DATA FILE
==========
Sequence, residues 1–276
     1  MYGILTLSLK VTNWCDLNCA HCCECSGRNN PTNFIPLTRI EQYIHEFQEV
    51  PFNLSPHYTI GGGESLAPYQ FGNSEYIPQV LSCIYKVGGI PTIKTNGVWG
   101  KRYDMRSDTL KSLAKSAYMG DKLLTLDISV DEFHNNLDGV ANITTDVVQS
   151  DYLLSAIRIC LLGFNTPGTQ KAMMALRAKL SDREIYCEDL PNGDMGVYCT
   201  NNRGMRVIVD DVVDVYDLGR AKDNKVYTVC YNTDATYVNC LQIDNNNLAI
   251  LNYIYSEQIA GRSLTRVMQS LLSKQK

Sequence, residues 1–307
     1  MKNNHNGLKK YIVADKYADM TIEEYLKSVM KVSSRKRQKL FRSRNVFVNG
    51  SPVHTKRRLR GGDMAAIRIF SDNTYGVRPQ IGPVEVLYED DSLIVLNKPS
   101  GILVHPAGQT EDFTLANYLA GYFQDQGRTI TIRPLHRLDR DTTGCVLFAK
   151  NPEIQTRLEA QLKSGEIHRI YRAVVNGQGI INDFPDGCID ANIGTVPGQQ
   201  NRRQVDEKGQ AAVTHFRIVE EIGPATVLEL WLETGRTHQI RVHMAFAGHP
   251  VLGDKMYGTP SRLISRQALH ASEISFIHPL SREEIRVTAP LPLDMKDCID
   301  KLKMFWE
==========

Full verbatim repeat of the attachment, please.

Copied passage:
Sequence, residues 1–276
     1  MYGILTLSLK VTNWCDLNCA HCCECSGRNN PTNFIPLTRI EQYIHEFQEV
    51  PFNLSPHYTI GGGESLAPYQ FGNSEYIPQV LSCIYKVGGI PTIKTNGVWG
   101  KRYDMRSDTL KSLAKSAYMG DKLLTLDISV DEFHNNLDGV ANITTDVVQS
   151  DYLLSAIRIC LLGFNTPGTQ KAMMALRAKL SDREIYCEDL PNGDMGVYCT
   201  NNRGMRVIVD DVVDVYDLGR AKDNKVYTVC YNTDATYVNC LQIDNNNLAI
   251  LNYIYSEQIA GRSLTRVMQS LLSKQK

Sequence, residues 1–307
     1  MKNNHNGLKK YIVADKYADM TIEEYLKSVM KVSSRKRQKL FRSRNVFVNG
    51  SPVHTKRRLR GGDMAAIRIF SDNTYGVRPQ IGPVEVLYED DSLIVLNKPS
   101  GILVHPAGQT EDFTLANYLA GYFQDQGRTI TIRPLHRLDR DTTGCVLFAK
   151  NPEIQTRLEA QLKSGEIHRI YRAVVNGQGI INDFPDGCID ANIGTVPGQQ
   201  NRRQVDEKGQ AAVTHFRIVE EIGPATVLEL WLETGRTHQI RVHMAFAGHP
   251  VLGDKMYGTP SRLISRQALH ASEISFIHPL SREEIRVTAP LPLDMKDCID
   301  KLKMFWE